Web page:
The U.S. Department of Justice started presenting its case against Apple in court on Monday over accusations that the Mac, iPhone and iPad maker colluded with publishers to artificially raise ebook prices, and so far the focus of the campaign is the company's Senior Vice President of Internet Software and Services Eddy Cue. According to the DOJ, Apple was the ring leader in a conspiracy with publishers to topple Amazon from its market leading position in book sales and raise book prices, and that Mr. Cue was orchestrating the operation.
Apple, along with Penguin, MacMillan Simon & Schuster, HarperCollins, and Hachette Book Group were all accused of working together to push ebook prices higher by forcing retailers into using an agency pricing model that allows publishers to set book prices instead of stores. All of the publishers eventually settled out of court instead of taking their chances at trial, while Apple has held strong that it did nothing wrong and is now the only company left squaring off against the DOJ.
The DOJ came on strong with what appeared to be a fairly damning case against Apple showing how Mr. Cue worked with publishers to push retailers into an Agency-based pricing model where the publishers get to set book prices -- a pricing model they favored because it set the ground work for pushing Amazon into selling ebboks above a US$9.99 price point.
Through a string of emails between Mr. Cue, book publishers, and then-CEO Steve Jobs, the DOJ detailed how the companies worked together ahead of the iBookstore launch to get retailers on board with Agency pricing -- a move that the government said resulted in higher book prices. The government's case also accused Apple of tossing a "most favored nation" clause into its contracts to ensure that no retailers could undercut its prices, which it claimed had the effect of keeping book prices artificially high.
The DOJ says ebook prices rose because Apple and publishers colluded
Apple countered by stating it was negotiating with publishers independently and had no idea they were also talking with each other about book pricing models. Orin Snyder, representing Apple in court, said the company had "no evidence — zero — that Apple knew anything about interactions between publishers," according to paidContent.
Instead, she said, Apple was simply trying to fight its way into the ebook market and had to deal with what Mr. Snyder called "knock-down drag-out fights" with publishers, and that the only reason HarperCollins signed a deal was because News Corp insisted on keeping its good relationship with Apple intact.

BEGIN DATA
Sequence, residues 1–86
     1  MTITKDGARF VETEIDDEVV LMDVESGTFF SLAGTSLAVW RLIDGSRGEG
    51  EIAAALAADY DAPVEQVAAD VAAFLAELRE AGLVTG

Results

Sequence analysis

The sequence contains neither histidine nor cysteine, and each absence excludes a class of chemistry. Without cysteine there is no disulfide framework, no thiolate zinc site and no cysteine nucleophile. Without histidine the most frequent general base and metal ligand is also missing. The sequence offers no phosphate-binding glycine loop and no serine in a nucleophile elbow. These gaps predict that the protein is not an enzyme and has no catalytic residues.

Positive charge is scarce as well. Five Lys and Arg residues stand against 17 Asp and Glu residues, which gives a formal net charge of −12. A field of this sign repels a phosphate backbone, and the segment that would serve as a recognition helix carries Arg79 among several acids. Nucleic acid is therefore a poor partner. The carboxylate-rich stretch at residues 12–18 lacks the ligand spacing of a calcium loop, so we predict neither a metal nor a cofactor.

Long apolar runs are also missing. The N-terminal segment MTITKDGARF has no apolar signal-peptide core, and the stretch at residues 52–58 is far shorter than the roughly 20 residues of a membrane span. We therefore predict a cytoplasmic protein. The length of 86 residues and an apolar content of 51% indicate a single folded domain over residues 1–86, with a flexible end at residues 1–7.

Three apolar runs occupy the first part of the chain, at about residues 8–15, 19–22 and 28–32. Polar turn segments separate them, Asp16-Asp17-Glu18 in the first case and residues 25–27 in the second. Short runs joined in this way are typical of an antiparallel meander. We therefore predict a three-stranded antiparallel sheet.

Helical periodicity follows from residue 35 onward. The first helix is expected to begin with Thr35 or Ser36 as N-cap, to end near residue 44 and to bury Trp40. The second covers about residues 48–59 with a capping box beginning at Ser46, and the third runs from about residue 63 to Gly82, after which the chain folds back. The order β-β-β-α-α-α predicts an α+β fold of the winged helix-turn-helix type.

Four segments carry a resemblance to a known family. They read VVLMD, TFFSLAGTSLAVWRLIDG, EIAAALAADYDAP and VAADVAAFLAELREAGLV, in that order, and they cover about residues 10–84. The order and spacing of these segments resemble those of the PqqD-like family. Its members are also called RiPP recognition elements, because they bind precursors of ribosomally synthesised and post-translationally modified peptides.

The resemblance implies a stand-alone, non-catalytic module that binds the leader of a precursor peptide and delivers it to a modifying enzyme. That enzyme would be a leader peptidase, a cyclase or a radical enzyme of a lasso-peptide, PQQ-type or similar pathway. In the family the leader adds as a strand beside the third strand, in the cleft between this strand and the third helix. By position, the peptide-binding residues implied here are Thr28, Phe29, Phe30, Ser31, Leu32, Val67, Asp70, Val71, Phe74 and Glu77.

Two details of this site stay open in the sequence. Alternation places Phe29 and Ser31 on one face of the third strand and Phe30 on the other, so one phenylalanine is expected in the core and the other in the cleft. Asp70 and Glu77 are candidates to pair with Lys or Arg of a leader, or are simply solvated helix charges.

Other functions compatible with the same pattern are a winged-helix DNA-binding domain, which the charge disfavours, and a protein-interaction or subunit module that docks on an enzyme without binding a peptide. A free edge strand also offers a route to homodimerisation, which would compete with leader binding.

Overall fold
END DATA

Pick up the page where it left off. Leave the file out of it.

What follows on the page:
Apple also said its insistance on a "most favored nation" clause in the contracts underscores the position that it didn't care whether or not other retailers agreed to agency pricing. Instead, it gave Apple the ability to ensure it could compete in the market regardless of how other companies priced their ebooks.
Judge Denice Cote, who is overseeing the trial, had Apple concerned about the tone of the trial ahead of opening statements when she said the evidence she had seen so far favored the DOJ. During Monday's court room activity, however, she said she was only offering her opinion as requested by both sides, and that it's up to the DOJ and Apple to present cases that support their positions.
Mr. Snyder added, "Apple should be applauded and not condemned for its beneficial impact on the ebook market," and that before the iBookstore launched the book market was "headed nowhere good." He argued that now the ebook market is open to far more companies than before, and independent authors can now sell their works without working through traditional publishers.
With the DOJ claiming otherwise and focusing heavily on Mr. Cue's involvement, it's a safe bet that both sides will be paying close attention when he takes the stand to testify. That won't, however, happen until June 13, so there are still several days for Apple and the DOJ to bolster their cases before Mr. Cue testifies.